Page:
They are lowering the operations and maintenance rate while increasing the interest and sinking fund rate.  Remember that we allowed them to take ten cents away from the interest and sinking fund rate and add it to the operations and maintenance rate.  The effect of the change was to increase the amount that the state gives the district.

That is the other part of the news.  You can see that last year the state gave the district $5,554 per student while next year they are projecting $6,686 from the state.

This is better


Ignoring the law

August 13, 2019

The Tuesday, August 13, 2019 city council agenda includes an executive session item (closed meeting) captioned as:

“Briefing from counsel on legal guidelines for communicating with citizens about a bond election”

Why the secrets?

What could the city attorney be telling city council in private that members of the public should not know about?  Is the plan to teach council how to lie to us or otherwise deceive us?  Could it be that the city attorney is going to tell them not to make false promises?

The Texas Open Meetings Act allows council to go into closed session for the following reasons:

  • certain specific personnel matters
  • discussions about the value or transfer of real property
  • discussions about security personnel, security services, or a security audit
  • discussions about a prospective gift or donation to a governmental body
  • discussions about potential items on tests conducted relating to licensing of individuals to engage in an activity
  • discussions of certain economic development matters
  • discussions of certain competitive matters is the city owns an electric or gas utility
  • issues relating to emergencies and disasters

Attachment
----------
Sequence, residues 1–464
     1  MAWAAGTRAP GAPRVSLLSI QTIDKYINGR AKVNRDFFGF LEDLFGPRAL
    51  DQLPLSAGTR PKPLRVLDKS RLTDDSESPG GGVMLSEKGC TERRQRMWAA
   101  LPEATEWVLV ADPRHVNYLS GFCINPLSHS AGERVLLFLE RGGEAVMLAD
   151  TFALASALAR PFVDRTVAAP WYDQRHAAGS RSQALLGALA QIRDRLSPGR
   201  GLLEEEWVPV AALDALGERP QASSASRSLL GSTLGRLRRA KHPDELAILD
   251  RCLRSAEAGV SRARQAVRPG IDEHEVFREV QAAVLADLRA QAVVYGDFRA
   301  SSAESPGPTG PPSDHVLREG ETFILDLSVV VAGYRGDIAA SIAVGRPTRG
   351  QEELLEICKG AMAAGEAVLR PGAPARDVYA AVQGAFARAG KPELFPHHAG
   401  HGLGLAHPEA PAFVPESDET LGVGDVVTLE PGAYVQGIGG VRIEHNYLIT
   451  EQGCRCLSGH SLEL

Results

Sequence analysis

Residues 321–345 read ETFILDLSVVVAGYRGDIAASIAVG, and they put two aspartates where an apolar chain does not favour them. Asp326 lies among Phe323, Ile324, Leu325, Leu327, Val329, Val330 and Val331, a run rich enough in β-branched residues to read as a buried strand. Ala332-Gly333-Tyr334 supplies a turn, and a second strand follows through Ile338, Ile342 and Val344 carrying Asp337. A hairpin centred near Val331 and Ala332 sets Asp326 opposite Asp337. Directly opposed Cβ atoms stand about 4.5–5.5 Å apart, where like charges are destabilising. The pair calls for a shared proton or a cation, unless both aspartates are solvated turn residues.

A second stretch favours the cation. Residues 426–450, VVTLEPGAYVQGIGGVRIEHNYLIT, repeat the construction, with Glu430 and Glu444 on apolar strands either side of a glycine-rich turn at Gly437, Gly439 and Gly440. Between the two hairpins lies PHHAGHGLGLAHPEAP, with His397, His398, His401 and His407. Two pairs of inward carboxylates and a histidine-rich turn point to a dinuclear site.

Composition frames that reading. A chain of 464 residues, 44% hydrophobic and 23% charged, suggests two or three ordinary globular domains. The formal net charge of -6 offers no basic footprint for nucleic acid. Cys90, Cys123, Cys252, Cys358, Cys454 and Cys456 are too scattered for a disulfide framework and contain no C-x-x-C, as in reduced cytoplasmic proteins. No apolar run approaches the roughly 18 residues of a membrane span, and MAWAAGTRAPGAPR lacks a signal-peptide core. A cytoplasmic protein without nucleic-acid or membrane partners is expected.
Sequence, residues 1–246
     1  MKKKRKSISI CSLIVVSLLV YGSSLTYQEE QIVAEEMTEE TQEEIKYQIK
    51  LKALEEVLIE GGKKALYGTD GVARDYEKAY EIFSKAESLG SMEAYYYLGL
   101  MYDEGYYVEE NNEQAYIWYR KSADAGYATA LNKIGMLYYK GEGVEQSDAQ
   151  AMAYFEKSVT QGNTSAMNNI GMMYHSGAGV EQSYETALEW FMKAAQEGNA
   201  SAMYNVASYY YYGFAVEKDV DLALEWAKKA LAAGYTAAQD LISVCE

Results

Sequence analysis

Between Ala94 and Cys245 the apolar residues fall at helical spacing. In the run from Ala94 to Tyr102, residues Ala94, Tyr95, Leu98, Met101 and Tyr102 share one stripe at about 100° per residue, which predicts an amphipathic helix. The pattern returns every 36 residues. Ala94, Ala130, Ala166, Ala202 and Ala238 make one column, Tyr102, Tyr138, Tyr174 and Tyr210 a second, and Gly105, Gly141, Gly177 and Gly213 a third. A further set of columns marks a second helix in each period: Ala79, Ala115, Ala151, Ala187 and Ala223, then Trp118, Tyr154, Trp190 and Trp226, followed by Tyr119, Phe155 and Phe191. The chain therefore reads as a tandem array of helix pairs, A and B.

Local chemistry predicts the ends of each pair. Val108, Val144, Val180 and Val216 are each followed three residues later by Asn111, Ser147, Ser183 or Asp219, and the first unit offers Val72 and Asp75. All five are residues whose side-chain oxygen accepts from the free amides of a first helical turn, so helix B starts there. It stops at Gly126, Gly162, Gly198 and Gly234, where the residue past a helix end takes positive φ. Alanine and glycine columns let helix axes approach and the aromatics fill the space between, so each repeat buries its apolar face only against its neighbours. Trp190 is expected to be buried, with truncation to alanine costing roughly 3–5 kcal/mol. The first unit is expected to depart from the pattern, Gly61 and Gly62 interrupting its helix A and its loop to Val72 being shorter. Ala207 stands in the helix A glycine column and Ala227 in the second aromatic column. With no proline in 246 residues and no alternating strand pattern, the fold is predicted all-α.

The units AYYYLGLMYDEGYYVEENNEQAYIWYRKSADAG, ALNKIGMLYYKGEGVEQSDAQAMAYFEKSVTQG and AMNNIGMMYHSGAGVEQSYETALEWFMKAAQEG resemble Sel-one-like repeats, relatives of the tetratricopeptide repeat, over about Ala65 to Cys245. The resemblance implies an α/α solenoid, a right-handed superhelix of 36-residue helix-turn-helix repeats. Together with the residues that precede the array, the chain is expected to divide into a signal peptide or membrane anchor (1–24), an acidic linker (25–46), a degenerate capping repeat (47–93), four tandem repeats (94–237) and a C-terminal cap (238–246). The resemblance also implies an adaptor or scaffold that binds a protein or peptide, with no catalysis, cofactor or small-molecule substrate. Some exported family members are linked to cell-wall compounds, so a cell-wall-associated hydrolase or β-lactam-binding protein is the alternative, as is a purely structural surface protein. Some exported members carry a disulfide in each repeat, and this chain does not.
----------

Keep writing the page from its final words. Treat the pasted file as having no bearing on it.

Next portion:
Schooling the council about bond elections is not in the list.


Certain consultations with the city attorney are allowed.

Which ones?

Take a look at this:

It looks like the proposed closed session will not be legal.

Shouldn’t the city attorney know the laws and follow them?

We deserve better


Simple way to resolve the arena issue

July 17, 2019

The city does not have to go through with building the multipurpose performing arts and entertainment center (commonly referred to as the arena).

In The bond election can be revoked we pointed out a state law that allows the voters the option of cancelling the authority to issue previously approved bonds.

Shouldn’t city council put the issue to a test?

If enough voters decide to revoke the bonds then the center cannot be built unless another election occurs where the voters approve it.

If there are not enough votes to revoke the bonds then the voters would have spoken and the city should build the center.

Sounds simple enough

We would also avoid the mounting costs of litigation.

The statute is found in chapter 1252 of the Texas Government Code.

Contact your city representative and ask them to vote to call the election.  You should also ask the mayor.

We deserve better